About

The International Presbyterian Church is a Reformed Church with congregations in Europe and Asia. We hold to real, authentic, historic Christianity as the only way for human beings to know the one true God through Jesus Christ, by witness of the Holy Spirit.

The IPC currently comprises three Presbyteries (UK English-Speaking, UK Korean-Speaking, South Korea) and the Europe Mission Presbytery, which is under the oversight of the UK English-Speaking Presbytery. Our Synod (the elders from all Presbyteries) meets once a year.

Our subordinate standards are the Westminster Standards (Westminster Confession of Faith, Westminster Larger Catechism, and Westminster Shorter Catechism) and the Three Forms of Unity (The Belgic Confession, The Heidelberg Catechism, and The Canons of Dort).

You can download or purchase copies of our Book of Church Order here. 

 

History

The International Presbyterian Church was founded in 1954 through the ministry of Francis Schaeffer in Switzerland. From its early days, the IPC was closely associated with L’Abri, Schaeffer’s better-known ministry among sceptical and doubting young people, which was founded in 1955. In time, two congregations were planted in England: in Ealing, London, in 1969, and in Liss, a small village in Hampshire, in 1972. Both were led by Ranald Macaulay (Schaeffer’s son-in-law) and continue to exist today.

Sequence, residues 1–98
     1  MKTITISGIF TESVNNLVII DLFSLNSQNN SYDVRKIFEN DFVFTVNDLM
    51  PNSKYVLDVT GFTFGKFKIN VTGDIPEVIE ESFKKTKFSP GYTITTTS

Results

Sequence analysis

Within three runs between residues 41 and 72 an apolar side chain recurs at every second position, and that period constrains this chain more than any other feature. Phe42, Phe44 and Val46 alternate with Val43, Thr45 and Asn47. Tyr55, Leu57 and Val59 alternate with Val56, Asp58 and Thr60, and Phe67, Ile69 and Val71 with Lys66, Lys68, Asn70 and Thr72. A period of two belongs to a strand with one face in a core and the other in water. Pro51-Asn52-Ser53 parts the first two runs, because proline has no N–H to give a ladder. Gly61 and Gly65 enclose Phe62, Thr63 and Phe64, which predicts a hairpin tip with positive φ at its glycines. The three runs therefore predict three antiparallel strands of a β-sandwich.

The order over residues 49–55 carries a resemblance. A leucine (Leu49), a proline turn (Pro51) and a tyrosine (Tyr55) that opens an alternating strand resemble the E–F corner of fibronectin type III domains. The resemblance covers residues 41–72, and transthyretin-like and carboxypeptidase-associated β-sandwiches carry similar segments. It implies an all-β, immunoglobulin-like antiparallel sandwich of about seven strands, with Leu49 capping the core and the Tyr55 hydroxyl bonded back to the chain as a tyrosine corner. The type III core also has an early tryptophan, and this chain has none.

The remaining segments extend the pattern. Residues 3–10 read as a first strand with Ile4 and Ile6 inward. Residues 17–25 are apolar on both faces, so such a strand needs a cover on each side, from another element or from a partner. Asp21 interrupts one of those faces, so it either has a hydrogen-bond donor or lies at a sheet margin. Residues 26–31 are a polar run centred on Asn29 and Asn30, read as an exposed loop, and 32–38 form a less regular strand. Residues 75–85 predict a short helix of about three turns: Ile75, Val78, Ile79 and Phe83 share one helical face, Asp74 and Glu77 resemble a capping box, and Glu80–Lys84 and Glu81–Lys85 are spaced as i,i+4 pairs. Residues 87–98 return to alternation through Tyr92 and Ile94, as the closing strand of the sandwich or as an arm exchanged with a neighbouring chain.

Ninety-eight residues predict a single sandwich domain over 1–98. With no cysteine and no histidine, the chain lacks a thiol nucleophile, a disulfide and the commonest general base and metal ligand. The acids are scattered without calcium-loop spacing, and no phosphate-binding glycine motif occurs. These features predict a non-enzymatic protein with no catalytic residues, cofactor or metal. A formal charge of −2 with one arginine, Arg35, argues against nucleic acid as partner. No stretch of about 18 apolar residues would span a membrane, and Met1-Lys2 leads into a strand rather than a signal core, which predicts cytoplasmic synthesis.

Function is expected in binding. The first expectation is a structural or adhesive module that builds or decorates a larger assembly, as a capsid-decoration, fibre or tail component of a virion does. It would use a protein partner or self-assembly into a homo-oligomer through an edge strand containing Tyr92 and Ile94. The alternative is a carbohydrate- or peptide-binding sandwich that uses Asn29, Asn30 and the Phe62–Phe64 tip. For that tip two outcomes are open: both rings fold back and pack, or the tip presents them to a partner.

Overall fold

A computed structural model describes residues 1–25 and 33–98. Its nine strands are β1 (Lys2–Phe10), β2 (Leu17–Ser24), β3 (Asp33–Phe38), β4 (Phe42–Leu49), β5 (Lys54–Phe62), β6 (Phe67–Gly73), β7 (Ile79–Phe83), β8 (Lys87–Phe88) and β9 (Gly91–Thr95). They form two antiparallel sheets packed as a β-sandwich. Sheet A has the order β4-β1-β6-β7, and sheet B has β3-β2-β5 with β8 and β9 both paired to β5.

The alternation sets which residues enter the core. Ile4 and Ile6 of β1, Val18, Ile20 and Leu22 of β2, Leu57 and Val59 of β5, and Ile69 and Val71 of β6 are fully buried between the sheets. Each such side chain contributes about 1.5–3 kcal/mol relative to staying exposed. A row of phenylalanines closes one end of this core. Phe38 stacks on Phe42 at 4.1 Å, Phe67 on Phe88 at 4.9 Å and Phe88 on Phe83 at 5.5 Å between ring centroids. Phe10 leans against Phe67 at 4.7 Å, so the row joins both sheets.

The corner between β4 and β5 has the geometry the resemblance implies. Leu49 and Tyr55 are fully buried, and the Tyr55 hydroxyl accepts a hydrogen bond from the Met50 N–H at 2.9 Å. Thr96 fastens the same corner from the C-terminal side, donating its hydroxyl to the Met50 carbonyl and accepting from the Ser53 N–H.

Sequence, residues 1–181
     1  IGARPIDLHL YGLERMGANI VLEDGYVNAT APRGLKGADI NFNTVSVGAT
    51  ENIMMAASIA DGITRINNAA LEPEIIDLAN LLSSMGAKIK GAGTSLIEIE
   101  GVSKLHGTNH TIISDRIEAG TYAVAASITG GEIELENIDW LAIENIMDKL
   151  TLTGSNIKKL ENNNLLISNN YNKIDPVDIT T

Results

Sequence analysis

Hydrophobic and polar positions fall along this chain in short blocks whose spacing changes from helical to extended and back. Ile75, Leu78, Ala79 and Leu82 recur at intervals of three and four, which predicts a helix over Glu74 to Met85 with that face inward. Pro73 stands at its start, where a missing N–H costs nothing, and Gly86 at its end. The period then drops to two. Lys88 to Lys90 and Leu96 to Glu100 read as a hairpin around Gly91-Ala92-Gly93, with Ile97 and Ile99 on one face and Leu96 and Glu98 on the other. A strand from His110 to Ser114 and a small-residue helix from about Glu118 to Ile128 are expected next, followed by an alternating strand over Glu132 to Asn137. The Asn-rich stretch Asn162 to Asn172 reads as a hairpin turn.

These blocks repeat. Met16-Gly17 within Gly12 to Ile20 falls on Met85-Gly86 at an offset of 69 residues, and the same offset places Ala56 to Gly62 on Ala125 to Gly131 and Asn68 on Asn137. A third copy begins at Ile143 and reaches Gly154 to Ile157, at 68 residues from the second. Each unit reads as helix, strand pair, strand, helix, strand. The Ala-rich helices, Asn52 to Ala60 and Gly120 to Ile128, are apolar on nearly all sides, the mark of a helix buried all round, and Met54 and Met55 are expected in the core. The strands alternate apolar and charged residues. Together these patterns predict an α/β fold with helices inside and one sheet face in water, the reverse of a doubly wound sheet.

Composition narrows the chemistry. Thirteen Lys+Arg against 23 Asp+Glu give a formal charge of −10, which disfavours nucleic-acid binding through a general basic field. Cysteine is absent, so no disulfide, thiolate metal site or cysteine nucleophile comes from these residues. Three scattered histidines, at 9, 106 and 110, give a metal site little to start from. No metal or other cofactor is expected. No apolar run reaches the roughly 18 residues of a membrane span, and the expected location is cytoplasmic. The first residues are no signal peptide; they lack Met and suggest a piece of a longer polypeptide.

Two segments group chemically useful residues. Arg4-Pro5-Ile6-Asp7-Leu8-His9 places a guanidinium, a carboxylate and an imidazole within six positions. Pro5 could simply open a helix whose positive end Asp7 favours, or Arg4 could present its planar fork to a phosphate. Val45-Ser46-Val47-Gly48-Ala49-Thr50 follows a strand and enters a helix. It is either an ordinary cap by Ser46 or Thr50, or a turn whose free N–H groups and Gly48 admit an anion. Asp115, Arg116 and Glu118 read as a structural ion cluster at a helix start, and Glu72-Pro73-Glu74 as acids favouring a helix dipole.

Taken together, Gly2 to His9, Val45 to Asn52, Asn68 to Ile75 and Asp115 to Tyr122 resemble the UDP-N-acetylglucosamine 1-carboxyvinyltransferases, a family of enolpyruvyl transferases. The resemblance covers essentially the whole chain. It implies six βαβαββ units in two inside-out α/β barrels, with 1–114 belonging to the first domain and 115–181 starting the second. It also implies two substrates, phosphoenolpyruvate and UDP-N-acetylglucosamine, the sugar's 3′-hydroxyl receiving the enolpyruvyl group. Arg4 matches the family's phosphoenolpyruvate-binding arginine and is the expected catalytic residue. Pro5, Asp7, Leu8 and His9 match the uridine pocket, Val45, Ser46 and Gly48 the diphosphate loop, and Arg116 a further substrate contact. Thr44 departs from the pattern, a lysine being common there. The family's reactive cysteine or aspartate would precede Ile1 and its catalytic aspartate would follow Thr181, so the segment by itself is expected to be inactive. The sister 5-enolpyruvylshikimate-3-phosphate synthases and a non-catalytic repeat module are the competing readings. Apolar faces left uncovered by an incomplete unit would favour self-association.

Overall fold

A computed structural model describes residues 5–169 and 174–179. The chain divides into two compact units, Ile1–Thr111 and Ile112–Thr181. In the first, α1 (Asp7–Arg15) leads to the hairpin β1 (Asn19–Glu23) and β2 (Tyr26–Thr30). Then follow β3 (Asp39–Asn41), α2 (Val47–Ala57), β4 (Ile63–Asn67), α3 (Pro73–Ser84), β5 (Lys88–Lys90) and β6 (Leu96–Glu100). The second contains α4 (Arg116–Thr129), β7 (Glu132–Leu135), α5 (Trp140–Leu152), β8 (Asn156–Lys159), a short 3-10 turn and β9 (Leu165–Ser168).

In 1978, a Korean congregation in Kingston joined the denomination. Bob Heppe, an American missionary, started a new church among South Asians in Southall, London, in the 1990s, now known as New Life Masih Ghar. Growth during the rest of the twentieth century was gradual, mainly consisting of Korean church plants in parts of England.

However, since the 2000s there have been encouraging signs of resurgence in the denomination: a significant number of men have been ordained; church plants in Europe have been incorporated into the IPC; a number of Scottish congregations have joined the IPC in light of the Church of Scotland’s increasing rejection of biblical authority; and several more churches have been planted in England and on the continent. A more detailed history of the IPC can be found here.